Desert, Donkeys, and Clint Eastwood

Trip Start Apr 25, 2007
Trip End Oct 03, 2007

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Wednesday, June 6, 2007

I was told that from outer space, astronauts can see the great, plastic sheets that cover the vegetables growing in the Almeria region, and I believe it. As far as we could see up into the foothills on our way to Cabo de Gata were giant rectangles of plastic, shimmering in the sun. I wondered if this was what we would be surrounded by during our stay in the natural park, but luckily once we turned off the road and headed for Las Negras, the ugliness soon gave way to the wild beaches and coves we had seen in photographs. Gone were the mega developments that hang onto every inch of much of the Spanish coastline, and instead we found a landscape that looked stark, pristine, and deserted.
On the website we had found a studio to rent for 35 Euros a night in a village called Las Hortichuelas. After a quick lunch in a beachside fish restaurant in Las Negras (12 Euros for six sardines - yikes!!), Cunera, a Dutch woman who owns the studio, met us and we followed her to her village. Cunera had been coming to Cabo de Gata since she was a child, as her mother had been using the house in Las Hortichuelas since the fifties. Cunera turned what was an antique shop next door into a studio apartment, all on a ten acre piece of property five minutes from the beach in the foothills. Cunera had obviously put a lot of time and love into her house and the gardens, and we were enchanted by it all. Everywhere we looked there was something beautiful: flowers, plants, small statues, ceramic pots, antiques, paintings, was perfect for us. To top it all off, there was a donkey, two little dogs, a cat that actually wanted you to pet it (unlike the stray cats who run away), and Cunera was thoughtful and welcoming. She offered us beer, and we sat on her terrace to take it all in.
Excited to get back to the beach, we set off the next day to a village called Las Isleta de Moro. Since it was a Saturday, it was crowded, but compared to the Costa del Sol, it was nothing. It was still a small fishing village, with a few restaurants, and the beach was framed on all sides by rocky outcroppings. We splurged and bought a small cooler, so our day was spent swimming, lounging, and enjoying the occasional cold one. That night we were excited to be able to use the little barbeque, and had sausages, peppers with sea salt, and a bottle of red wine. After dinner we took some cucumbers to our new friend Estrella, the donkey, who was white and lovely. She loved our nightly visits and would bray excitedly when she saw the couple with her cucumbers coming to see her.
The next morning we were greeted by our new dog friends Haba (fava bean) and Concha (shell) who licked us and wagged their tales at us until we were awake. After breakfast on our terrace (mmmm, the best pear yoghurt), we drove to San Isidro to the Sunday open air market that was a mixture of Spanish, Moroccan, African, and Lithuanian stalls selling vegetables, CDs, clothes, and shoes. We found Lithuanian and Moroccan grocery stores, as the workers who pick all the vegetables come predominantly from these two areas, as well as from parts of Africa, making for an interesting mix of people in this agricultural town. We also found our way to Nijar, a historic town in the foothills selling mostly pottery and knick knacks, and then ended up lost on a dusty, fascinating mountain road in the middle of nowhere for about an hour, the only other living things being a hundred sheep and their shepherd.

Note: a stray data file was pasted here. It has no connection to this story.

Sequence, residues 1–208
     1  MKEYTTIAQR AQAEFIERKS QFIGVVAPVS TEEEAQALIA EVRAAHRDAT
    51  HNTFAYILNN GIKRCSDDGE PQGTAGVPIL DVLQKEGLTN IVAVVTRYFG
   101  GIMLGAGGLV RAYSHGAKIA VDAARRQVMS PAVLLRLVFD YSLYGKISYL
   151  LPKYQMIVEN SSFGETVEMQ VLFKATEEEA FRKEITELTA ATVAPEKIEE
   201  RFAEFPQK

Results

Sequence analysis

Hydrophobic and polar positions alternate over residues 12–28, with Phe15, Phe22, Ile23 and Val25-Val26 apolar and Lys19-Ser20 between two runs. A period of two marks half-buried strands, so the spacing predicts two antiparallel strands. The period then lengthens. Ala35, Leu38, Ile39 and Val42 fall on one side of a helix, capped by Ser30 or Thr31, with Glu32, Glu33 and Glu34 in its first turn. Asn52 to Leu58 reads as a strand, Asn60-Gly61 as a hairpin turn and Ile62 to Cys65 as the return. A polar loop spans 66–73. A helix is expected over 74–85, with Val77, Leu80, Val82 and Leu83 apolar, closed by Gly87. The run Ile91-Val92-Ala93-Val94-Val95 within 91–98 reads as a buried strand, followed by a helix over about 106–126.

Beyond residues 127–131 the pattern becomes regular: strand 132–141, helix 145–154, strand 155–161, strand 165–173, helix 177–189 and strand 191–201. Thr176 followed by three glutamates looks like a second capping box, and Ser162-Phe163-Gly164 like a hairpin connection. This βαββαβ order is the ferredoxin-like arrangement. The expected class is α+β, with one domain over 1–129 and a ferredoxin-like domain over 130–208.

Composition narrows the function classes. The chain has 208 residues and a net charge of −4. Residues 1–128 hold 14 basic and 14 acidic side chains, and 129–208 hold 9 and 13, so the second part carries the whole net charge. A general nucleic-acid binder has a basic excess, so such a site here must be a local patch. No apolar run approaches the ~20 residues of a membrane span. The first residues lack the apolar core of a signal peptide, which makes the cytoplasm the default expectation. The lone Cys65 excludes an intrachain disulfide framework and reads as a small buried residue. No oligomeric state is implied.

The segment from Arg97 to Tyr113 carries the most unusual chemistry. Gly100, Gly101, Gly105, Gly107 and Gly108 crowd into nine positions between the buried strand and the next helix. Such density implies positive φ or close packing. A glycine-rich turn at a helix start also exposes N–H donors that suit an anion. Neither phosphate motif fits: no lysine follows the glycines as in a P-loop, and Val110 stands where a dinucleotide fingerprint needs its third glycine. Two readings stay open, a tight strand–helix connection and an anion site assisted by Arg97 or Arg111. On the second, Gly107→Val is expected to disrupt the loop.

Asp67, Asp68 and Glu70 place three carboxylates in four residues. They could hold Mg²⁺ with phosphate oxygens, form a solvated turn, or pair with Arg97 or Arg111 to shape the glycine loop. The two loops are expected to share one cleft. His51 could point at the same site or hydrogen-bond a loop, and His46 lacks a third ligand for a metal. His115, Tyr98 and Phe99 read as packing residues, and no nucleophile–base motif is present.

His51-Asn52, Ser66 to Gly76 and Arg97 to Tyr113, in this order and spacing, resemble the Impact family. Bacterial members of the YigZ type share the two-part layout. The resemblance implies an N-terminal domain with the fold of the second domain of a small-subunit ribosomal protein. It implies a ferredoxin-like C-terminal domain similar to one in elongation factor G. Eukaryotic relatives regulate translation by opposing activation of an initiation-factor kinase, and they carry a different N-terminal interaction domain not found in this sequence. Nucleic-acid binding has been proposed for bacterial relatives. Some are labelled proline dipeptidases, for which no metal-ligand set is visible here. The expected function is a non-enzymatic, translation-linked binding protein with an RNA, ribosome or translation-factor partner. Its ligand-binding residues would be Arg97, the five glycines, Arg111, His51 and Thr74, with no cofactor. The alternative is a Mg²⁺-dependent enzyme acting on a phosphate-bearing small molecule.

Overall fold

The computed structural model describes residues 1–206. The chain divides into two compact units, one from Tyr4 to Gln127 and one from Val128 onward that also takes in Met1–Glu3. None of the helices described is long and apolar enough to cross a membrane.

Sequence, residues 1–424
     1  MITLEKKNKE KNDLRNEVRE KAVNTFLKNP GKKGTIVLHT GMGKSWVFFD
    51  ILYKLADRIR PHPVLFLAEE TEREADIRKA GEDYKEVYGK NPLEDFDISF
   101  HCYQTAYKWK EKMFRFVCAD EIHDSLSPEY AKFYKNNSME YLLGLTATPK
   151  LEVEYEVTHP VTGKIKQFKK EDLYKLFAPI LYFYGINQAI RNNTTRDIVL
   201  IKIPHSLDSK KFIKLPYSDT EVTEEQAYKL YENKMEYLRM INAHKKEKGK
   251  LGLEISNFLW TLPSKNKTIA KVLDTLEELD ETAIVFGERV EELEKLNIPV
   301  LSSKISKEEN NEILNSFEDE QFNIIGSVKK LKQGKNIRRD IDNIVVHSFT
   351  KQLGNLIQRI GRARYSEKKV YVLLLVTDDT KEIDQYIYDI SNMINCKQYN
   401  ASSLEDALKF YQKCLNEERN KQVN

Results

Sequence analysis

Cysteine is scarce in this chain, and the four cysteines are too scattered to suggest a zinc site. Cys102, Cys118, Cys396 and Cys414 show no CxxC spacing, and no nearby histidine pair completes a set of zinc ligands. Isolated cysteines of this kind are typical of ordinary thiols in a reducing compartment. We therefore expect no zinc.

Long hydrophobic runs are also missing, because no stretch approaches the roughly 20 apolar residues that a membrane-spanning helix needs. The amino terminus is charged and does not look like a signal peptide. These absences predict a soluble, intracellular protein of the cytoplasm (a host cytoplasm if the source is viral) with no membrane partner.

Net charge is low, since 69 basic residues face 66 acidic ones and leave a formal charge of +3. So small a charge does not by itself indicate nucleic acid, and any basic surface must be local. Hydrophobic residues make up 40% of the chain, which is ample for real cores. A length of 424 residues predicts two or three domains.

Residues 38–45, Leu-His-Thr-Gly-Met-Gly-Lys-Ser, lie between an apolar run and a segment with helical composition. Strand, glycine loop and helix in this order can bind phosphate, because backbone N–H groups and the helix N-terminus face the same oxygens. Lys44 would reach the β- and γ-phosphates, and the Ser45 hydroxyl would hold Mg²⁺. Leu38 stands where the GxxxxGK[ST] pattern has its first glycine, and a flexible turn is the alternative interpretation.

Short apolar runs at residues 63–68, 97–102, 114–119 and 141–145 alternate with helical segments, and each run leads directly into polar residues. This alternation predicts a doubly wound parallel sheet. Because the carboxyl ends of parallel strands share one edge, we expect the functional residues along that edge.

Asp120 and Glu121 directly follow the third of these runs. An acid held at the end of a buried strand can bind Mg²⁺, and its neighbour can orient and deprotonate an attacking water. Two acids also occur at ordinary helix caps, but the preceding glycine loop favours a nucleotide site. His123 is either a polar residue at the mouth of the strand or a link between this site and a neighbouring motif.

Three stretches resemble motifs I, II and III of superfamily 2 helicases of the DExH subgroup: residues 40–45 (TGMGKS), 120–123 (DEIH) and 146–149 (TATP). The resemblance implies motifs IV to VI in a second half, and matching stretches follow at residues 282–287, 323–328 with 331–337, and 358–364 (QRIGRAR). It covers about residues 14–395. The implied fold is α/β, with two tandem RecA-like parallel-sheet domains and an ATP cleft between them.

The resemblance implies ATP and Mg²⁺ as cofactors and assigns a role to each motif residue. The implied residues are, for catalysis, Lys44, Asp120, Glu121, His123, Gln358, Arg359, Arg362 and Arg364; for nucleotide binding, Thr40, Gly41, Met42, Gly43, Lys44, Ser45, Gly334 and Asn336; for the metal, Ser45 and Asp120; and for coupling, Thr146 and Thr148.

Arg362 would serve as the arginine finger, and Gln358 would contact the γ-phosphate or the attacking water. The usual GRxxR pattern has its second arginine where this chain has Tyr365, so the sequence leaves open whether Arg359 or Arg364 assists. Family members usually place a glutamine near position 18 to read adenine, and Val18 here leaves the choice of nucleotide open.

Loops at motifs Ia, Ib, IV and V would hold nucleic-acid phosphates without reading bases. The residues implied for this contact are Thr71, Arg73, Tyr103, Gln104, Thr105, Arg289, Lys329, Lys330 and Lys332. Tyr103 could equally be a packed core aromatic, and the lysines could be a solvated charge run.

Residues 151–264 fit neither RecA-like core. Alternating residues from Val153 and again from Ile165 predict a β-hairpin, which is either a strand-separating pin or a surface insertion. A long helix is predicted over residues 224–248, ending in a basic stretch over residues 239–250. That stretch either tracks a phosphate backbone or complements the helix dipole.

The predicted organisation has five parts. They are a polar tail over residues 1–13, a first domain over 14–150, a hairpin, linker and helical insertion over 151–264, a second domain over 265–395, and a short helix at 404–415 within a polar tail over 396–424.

On Monday we drove to Rodalquilar, a village and beach in the next valley over. We noticed something above the town built into the hillside and went to explore. One of the abandoned buildings said "Guard Block C", so we thought we had stumbled upon an old prison (but why in English?). Cunera later told us this whole area had been the site of the spaghetti westerns, such as "A Fist Full of Dollars", and what we had seen in Rodalquilar was a gold mine used as a prison in one of the movies. I saw how this area could pass for Mexico, as it reminded me of the area around Guanajuato, Mexico, where I had once lived. The landscape was full of prickly pear cactii, red, dusty earth, and I could imagine Clint Eastwood squinting into the sun. We made our way to the beach, which was much more deserted than Isleta de Moro with ruins of a fort at one end, and we spent another lazy day swimming and reading.
We had planned to stay in Cabo de Gata only three nights, but thanks to Cunera, her hospitality and great conversation, we stayed five. We knew we had to leave, but our days on those wonderfully empty beaches, the stark beauty of those mountains, and the luck we had finding such a nice home in Las Hortichuelas made us want to stay for a long, long time. We reluctantly said goodbye to Cunera, Haba, Concha, and Constanza the Cat, went to visit Estrella the Donkey to give her one last cucumber, and drove through the mountains towards Murcia.
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